Once again Drew Barrymore is guiding the cat, this time by being the star of a cat food commercial. Half way through the commercial, the phantom Drew then steps forward and talk to the cat, who looks both perplexed and flummoxed. Then the cat crosses the street while a couple of guys bet on whether or not it’ll make it. There is actually a car crash and slow motion effect attached to this scene. That’s awesome in ways I can hardly begin to describe. That leads us into, The Ledge, which is a story about Robert Hays trying to get around the ledge of a building as part of a wager with the gangster husband of his lover.

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Look at the KITTY!

The Ledge is pretty straightforward and hard to describe without becoming obsessive about the tiny and unimportant details. Robert Hays struggles to get around the building without falling, and the gangster husband tries to knock him off. Pigeons peck his legs, the gangster sprays him with a hose, and it’s a pretty horrible situation. The cat gets out onto the building and watches him, because we have to be reminded that the cat is in this movie. Hays does get to the other side though, only to discover that the gangster has killed his wife and given Robert Hays her head in a bag with some money. Hays takes less kindly to this than might have been expected. In fact, he starts to beat people up. With the help of the cat, he gets the bodyguard’s gun, shoots the guard and forces the gangster husband out on the ledge, where he promptly falls to his death. While the humans are otherwise occupied, the cat leaves to go find Drew Barrymore.

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SRS MOM IS SRS!

This gets us to The General, which is original for this movie. Now, The General is my favorite part of this movie. I won’t go into really heavy detail, but the cat gets back to Wilmington and finally gets to Drew Barrymore. Now, Drew loves the cat, naming it General. The mother doesn’t like the cat and tries to keep it out of the house. What I find interesting is that the mother is the unsympathetic person in this story. Usually they have the father being the dick in situations like this, but this time it’s the mother. I just find it interesting whenever a movie decides to avoid the regular prejudice and decides to make the mother a complete bitch about the cat. However, she’s a bitch about the cat because her mother keeps calling on the phone and telling her that cats steal little kids breath. It’s not the cat though, as we find out fairly quickly.

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Evil troll is evil.

See, there’s this troll, and the troll steals Drew’s breath while she’s asleep. The little troll is really cool, and set he’s asked to run around on is pretty well scaled. Normally when you get miniatures like this, the chair is on a different scale than the bed, and it just looks wrong. In this though, the scale work is done right and looks really good. The troll even goes so far as to murder Drew’s little birdie in order to frame General. Sadly, the mother decides that General is a murderer and sends him off to the pound to be destroyed. This causes some trouble as the troll is going to kill Drew the next time he shows up and we know it. Fortunately, the cat escapes at the last minute and saves the day.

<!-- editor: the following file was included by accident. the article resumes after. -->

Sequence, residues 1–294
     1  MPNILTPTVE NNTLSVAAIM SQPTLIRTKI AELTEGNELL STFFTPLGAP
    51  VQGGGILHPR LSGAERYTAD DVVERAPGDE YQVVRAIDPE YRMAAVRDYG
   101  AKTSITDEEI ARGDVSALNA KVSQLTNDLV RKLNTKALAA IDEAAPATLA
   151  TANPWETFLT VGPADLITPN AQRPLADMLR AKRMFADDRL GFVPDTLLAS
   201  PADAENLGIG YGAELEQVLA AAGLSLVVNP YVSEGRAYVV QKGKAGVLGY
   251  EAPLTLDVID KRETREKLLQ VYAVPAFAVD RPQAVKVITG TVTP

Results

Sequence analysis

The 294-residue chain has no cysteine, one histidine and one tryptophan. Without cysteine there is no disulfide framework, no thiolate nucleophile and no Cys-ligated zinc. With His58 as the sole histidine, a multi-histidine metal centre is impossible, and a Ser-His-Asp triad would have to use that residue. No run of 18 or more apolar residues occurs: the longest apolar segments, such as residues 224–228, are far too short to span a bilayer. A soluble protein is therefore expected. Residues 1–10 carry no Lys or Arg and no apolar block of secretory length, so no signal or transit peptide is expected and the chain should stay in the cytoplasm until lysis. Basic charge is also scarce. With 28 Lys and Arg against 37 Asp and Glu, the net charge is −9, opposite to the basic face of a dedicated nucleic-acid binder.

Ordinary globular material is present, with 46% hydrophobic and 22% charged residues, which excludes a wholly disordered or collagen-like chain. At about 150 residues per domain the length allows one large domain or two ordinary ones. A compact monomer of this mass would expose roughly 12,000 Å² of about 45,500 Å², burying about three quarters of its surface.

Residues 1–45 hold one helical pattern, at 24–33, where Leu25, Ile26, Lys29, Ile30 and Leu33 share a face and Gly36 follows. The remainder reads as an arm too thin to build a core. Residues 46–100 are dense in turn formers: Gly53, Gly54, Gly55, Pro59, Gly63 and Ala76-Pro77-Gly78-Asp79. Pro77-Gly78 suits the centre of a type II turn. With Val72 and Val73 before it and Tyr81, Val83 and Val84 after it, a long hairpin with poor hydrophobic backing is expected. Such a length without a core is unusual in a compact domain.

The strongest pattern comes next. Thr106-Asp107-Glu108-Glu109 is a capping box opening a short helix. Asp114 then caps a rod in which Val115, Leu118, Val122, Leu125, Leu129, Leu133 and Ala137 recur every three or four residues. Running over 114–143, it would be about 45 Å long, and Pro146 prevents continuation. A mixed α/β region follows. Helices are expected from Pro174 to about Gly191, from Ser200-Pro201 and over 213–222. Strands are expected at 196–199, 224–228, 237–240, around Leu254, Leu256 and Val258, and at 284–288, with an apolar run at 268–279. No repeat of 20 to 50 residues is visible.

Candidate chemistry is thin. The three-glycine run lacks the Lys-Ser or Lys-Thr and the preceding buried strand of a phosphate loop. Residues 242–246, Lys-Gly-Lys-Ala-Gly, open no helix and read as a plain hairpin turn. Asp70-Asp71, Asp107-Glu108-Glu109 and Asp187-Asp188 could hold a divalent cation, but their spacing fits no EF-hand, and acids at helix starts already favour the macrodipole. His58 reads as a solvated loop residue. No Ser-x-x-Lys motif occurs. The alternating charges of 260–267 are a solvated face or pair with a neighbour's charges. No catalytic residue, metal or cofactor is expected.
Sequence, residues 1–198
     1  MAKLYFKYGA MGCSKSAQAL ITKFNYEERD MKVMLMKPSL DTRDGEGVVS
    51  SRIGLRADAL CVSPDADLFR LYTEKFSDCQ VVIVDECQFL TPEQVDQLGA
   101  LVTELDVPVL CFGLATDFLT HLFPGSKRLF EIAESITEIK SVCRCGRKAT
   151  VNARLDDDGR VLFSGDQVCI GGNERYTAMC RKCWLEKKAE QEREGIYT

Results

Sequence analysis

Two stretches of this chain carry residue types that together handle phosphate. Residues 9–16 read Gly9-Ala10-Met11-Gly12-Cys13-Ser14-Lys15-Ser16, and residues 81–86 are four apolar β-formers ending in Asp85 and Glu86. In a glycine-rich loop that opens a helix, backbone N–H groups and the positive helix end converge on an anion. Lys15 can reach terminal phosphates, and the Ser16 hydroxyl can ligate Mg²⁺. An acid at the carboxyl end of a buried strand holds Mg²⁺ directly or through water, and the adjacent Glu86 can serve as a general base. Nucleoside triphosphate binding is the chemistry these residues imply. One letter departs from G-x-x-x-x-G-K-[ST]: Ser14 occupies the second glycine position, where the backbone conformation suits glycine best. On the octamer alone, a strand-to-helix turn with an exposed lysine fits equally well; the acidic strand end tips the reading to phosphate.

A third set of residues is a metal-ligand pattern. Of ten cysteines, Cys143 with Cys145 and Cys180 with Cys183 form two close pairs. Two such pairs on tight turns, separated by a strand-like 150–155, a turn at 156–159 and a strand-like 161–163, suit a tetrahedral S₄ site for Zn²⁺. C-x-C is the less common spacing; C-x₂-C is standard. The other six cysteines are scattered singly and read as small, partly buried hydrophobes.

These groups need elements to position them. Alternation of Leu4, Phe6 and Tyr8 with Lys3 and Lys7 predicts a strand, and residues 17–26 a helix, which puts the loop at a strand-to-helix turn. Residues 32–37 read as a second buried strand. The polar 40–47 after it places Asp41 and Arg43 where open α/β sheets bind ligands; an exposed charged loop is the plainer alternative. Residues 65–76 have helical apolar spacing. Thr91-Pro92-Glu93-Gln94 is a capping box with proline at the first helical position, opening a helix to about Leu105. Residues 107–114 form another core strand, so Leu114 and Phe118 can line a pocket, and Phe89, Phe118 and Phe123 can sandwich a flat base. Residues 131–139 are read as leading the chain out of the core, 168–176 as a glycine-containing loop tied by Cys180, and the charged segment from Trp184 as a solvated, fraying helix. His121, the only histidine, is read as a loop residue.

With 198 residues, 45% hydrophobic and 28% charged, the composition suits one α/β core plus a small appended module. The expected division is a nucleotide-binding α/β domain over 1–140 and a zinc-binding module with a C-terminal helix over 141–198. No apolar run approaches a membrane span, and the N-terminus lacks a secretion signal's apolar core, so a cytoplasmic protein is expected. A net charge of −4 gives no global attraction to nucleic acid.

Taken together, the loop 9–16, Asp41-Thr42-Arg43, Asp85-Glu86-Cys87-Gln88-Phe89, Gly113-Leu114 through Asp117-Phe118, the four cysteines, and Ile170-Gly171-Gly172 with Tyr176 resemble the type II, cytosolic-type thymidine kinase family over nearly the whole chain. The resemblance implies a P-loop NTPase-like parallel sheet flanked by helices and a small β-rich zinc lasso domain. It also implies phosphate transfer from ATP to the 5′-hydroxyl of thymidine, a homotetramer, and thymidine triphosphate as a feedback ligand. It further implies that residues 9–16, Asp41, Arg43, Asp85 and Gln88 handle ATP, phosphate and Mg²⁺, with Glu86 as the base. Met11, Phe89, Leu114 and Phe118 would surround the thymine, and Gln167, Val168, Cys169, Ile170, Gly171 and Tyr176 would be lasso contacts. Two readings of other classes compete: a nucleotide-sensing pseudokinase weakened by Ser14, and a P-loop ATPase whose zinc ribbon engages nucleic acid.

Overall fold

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Wow, kitty kicks ass.

The fight between the cat and the troll is just about the coolest thing you’ve seen all day. The cat leaping up to the closed window and then having to come down the chimney, the knife wielding troll attacking, the two of them kung-fu fighting around the little girl’s room and of course the finally. The troll is thrown onto a record player, and General turns up the speed of the record player, until the troll is sent flying across the room and splatters in the blades of a fan. As cool as all that sounds, I’m really selling this short and not making it sound nearly as awesome as it really is in the movie.

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Scream louder if you wanna go faster.

Now of course, after the parents break into the room and Drew explains everything. She then tells the mother that she won’t tell all her friends about the insanity she just witnessed if she can keep General. Her mother complains that it’s blackmail, but she has to acquiesce to the demands of her daughter because General DID save the day and everything. Also, you’ve got to have a happy ending and General winning is the way to have that happy ending. Either way, the movie is great and I really like it. I prefer the last story though and it’s not unheard of for me to just watch that segment and skip the other two. Maybe King should write a full feature film around that last story and remake The General as a full feature. Maybe not though, it might spoil the short and fun nature to expand it out. You should totally get this!

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Astonished girl is astonished.

Official Score:
58 Degrees on the Graffiti Bridge Scale.